After the Foundation was established an idea was developed to create an inn that would represent the culture of the island, and benefit as many islanders as possible. The Fogo Island Inn would be constructed of local materials and Fogo Islanders, many of whom were descendants of the early English and Irish settlers, would be hired to produce locally-crafted furnishings. A well-known Newfoundland chef would be found to serve regional cuisine, and almost a 100 residents would be trained for hospitality work, and encouraged to share their history with tourists who would “come from away.” Zita Cobb even convinced a Newfoundland-born architect, Todd Saunders, who was happily designing buildings on the west coast of Norway (similar climate and terrain), to return to the province and design a structure on Fogo Island that would wow the sophisticated, high-end travelers from Toronto, Boston and New York. Then everyone kept their fingers crossed.

Fast-forward to the present. Todd Saunders’ white, oblong building has attracted worldwide attention. The Inn is a highly insulated steel frame building, the windows have the equivalent rating of triple pane glazing. Rainwater is collected in two cisterns, filtered, and used for toilet and laundry water. Solar panels supply hot water to the in-floor radiant heating. Photos of the Inn, its dining room, duplex suites, and the amazing views have appeared in all of the best architecture, design and travel publications, and the awards have been piling up, including being placed on Condé Nast Traveler’s 2016 hotel Gold List.

Despite, or because of, the Inn’s remote location on the edge of the North American continent moneyed travelers from Toronto, Boston, New York and Europe are flying to Gander or St. John’s, Newfoundland, renting cars and finding their way to Joe Batt’s Arm, where they are assured of an ocean view (all guestrooms face the sea), deluxe accommodations, excellent cuisine, and an opportunity to visit a destination not yet spoiled by fast food outlets, theme parks, stop lights, or traffic. The only obstacles on Fogo Island’s roads are the occasional caribou.

Punts (colorful small work boats) on Fogo Island (photo Barrett and MacKay for Newfoundland and Labrador Tourism)

All the furniture used at the Inn is designed by professional Canadian and European designers, and constructed at a small wood shop nearby by local men and women who have experience building their own homes, boats and fishing stages. The fabrics for the chair and pillow covers, quilts, and woven rugs are hand-stitched by the women of Fogo Island, a tradition that dates to the 1700’s when the wife’s and daughters of fishermen would make the gloves, sweaters, hats and clothing for the family. Art gallery space is created within the public areas of the inn, where the work of Newfoundland artists is displayed. The Inn’s dining room, with its double-ceiling windows overlooking the sea, is rated one of the top ten restaurants in Canada by Enroute magazine, and executive chef Murray MacDonald, a Newfoundland native, has been using locally sourced root vegetables, fresh caught fish and seafood, and traditional ingredients like sea buckthorn, spruce tips, caribou moss and dried chanterelles.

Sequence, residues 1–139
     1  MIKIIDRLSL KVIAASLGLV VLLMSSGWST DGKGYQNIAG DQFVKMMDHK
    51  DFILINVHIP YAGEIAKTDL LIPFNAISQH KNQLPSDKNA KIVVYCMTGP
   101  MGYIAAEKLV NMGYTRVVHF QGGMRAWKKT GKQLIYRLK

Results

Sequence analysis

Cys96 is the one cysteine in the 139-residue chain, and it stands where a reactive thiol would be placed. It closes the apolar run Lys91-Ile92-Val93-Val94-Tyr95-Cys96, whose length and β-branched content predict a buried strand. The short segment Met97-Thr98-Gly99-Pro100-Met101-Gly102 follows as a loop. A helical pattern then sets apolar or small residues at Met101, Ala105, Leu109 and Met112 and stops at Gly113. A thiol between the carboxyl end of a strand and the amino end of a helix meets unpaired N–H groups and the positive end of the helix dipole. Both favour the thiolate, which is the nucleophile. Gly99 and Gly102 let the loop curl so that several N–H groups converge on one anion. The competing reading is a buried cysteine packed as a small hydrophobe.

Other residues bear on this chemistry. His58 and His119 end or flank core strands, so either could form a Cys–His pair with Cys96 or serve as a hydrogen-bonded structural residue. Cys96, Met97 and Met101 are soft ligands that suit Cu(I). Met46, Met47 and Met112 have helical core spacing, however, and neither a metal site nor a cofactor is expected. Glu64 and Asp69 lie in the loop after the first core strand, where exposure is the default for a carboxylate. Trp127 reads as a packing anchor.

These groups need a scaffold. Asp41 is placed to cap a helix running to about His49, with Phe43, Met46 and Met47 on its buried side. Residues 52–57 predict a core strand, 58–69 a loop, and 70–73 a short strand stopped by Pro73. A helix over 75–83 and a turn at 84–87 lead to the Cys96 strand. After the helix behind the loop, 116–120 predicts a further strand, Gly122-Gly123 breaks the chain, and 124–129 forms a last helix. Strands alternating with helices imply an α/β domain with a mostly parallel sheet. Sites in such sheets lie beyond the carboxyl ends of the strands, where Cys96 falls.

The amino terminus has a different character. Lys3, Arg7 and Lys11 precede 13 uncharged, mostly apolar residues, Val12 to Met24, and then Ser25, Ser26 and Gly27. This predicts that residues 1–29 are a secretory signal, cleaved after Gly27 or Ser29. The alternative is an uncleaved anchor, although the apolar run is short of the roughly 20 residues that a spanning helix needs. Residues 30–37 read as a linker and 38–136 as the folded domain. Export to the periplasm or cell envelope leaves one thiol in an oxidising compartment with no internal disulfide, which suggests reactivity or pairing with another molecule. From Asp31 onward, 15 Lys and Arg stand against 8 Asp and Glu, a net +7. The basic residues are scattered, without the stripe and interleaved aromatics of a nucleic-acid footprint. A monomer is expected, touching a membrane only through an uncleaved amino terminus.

Chef Murray MacDonald uses local, organic ingredients for his award-winning cuisine (photo Alex Fradkin)

On the Inn’s second floor the 24-seat cinema, created in partnership with the National Film Board of Canada, is designed with movie theater-style seats, and is a guest favorite. There is also a fully equipped fitness center and conference room. The fourth and top floor includes additional rooms and loft suites, sauna and steam rooms, outdoor hot tubs with views of the ocean, and a roof-deck for summer sunbathing. The Inn will not turn Fogo Island into another Nantucket (no one on the island wants that), but young people who left are now returning, and local shops and cafes are seeing an uptick in year-round business.

Dining room at Fogo Island Inn with view of North Atlantic (photo Alex Fradkin)

For Zita Cobb and others, the grand idea of helping the island’s economy seems to be working. Almost all of the 80 employees at the Inn are Fogo Islanders, now earning salaries that are considerably more than the $20,000 annual average income for island residents. The few local cafes, ice cream shops, music pubs and small island art galleries and museums are all benefiting from the influx of well-heeled Inn guests that arrive every week, year round. Many islanders –painters, quilters, fishermen, shipbuilders, writers — have also signed up to be part of the Community Host Program, and are always available to give Inn guests complimentary island tours, showing them how to fish in the local bays, forage for wild berries and mushrooms, watch boat builders at work, or listen to Newfoundland music in local homes. Roy Dwyer, a former school teacher and fisherman, spent several hours showing a visitor the various communities on the island, including his own home in the quaint village of Tilting.

Fogo Island resident Roy Dwyer in his fishing stage in the community of Tilting (photo Ron Bernthal)

As part of Shorefast’s Fogo Island Arts project architect Todd Saunders also designed four ocean-front studios which are occupied during the day by visiting artists who were accepted into the Foundation’s Artist-in-Residence program. The studios are beautifully designed, self-sustaining, one-room buildings perched on the rocks at the ocean’s edge, complete with solar panels for heating and lighting, mini-kitchens for cooking and small bathrooms with chemically treated toilets. The four studios include the Long Studio (constructed in 2010) and the Tower, Bridge and Squish Studios, completed in 2011.